7 Rules to Writing in College

As the summer starts to wind down and supermarkets start their “Back to School” sales, that can only mean one thing… the start of a new school year.

Maybe you have a high schooler that you’re going to homeschool, and you’d like to prepare them for college. One of the biggest things that I had to learn is that high school writing is not the same as college writing. Usually, freshmen get slapped in the face because the same essays that were earning “A’s” in high school start to be labelled as “not really there yet” in college.

Here are a few rules that you can start using in your teaching to help your student prepare for college:

Rule #1: College Writing is About Displaying Insight, Not Knowledge

High school is generally about displaying knowledge and essays become more like book reviews. In college, the student is supposed to create knowledge, rather than display that they have merely read the article assigned to them. College is more than showing that you know things.

Rule #2: So What?

In college, one’s writing has to be significant. Why are you writing this essay? What does it matter to me? Without making the essay seem important to the reader, the essay will seem to be boring and irrelevant. Always ask the question, “so what?” in your essays. This will keep you on track toward making your writing significant.

Rule #3: Pick an Argument and Stick With It

It sounds like a no-brainer but it is easier said than done. You need to make your argument clearly known to the reader in your thesis, which I tackle in Rule #4. Without knowing your argument, the reader may not be able to figure out what your point is and why you’re writing the essay in the first place.

Rule #4: Your Thesis has to be Tight… Really Tight

In high school, your thesis might look something like this, “In this essay, I am going to show how video games were created”. That will definitely not work in college. Not only does it break Rule #1 above, but it’s too general. In college, you need to tighten up your thesis. Something like, “Through the use of video games, individual attention span is much shorter now compared to the year 1990”. Sounds like it could be true, right? I just pulled that off the top of my head. If you can prove your argument in the body of the essay, with quality evidence you might convince people what might not be true, which will come into play in Rule #5.

Another thing to remember when writing your thesis is that it has to be arguable. Again fitting in with Rule #1, if your thesis isn’t arguable then all you are doing in your essay is stating facts. Having an arguable thesis means that you are probably putting in your own insight on the subject because somebody else could always disagree.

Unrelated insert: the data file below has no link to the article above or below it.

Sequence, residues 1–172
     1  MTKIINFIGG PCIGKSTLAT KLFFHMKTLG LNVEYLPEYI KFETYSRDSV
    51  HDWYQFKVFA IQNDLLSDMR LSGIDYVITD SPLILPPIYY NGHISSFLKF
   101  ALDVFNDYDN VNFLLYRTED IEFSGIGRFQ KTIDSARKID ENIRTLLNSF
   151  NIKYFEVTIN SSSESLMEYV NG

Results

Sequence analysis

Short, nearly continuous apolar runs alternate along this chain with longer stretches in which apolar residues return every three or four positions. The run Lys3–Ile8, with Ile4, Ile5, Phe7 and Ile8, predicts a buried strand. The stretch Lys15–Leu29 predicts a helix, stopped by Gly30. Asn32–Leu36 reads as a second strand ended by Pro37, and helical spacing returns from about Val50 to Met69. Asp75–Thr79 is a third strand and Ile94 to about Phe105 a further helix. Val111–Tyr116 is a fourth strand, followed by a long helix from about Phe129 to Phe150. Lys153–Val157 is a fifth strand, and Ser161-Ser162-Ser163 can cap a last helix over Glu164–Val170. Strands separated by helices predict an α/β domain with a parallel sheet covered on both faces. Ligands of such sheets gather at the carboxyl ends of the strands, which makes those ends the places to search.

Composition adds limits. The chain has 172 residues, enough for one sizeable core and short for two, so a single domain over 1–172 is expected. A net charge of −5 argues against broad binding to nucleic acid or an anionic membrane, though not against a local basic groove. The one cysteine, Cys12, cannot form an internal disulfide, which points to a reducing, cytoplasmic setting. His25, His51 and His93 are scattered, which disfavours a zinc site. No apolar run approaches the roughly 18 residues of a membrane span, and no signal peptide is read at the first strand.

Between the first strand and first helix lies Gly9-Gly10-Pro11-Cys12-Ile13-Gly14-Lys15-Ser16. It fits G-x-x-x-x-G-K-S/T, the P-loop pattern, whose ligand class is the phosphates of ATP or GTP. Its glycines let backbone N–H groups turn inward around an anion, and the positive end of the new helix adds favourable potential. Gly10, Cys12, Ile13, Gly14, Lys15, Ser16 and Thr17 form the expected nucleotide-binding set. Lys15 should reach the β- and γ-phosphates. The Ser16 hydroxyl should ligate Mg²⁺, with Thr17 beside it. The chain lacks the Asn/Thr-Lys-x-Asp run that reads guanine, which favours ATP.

Rule #5: Your Evidence Doesn’t Always Have to be Factual, as Long as it Supports Your Claim

You can have whatever evidence you want in your essay, as long as you can back it up with your own insight to support your argument. As bad as this sounds, it’s extremely helpful on the SAT/ACT essays.

Rule #6: Your Evidence Needs to be Tight Too

To be honest, everything should be tight. But especially your thesis and evidence. The days of Googling for research are over! In college, you are expected to use scholarly articles, which you can usually find on your college’s online library.

Rule #7: You are Not Limited to Three Body Paragraphs

High school generally teaches students to write five paragraphs in an essay: Introduction-3 body paragraphs-conclusion. In college, however, you can write as many paragraphs as you want, and with any amount of length! Just be sure to include a topic sentence, evidence, and plenty of your own analysis in each paragraph. If you think you have another claim, start a new paragraph!

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There you have it, the seven rules to writing in college. Next week, I will be covering a great method to writing body paragraphs that I learned at the Early College Alliance, so be sure to subscribe to our email list for more information about college writing!

Lastly, here are a few resources from the University of Toronto and Yale College that you can check out. Enjoy!

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2 thoughts on “7 Rules to Writing in College

  1. Thank you for this post RR! I returned to college after a seven-year hiatus and I was required to take a writing placement exam. I made several of the mistakes you list herein; namely, I tried straddling the fence when it came to supporting my argument and I did not provide enough personal insight throughout the body of my essay. I scored a 6 out of a possible 8 and while this score wasn’t horrible, it wasn’t good enough to be enrolled in Honors English courses. The excuses I served up to myself about why I hadn’t done better, fueled me to take a closer look at what I could do better and retake the placement exam. Five days after the initial exam, I sat for round two. And by the way, I must mention that I am not the biggest fan of on-demand essay writing but I do like writing in general. This time around, I scored an 8 out of 8! I had forgotten some of the basic rules for writing essays (use it or lose it) and it’s great that you covered them here for those of us returning to college after a lengthy absence or for those stepping into college for the first time!

    Liked by 1 person

    1. Great job on the exam! I share the same feelings when it comes to on-demand writing, I’ve never liked the concept at all.

      I thought it would be great to cover the basics because I know it was hard for me to adjust to college writing. Glad everything helped!

      Liked by 1 person

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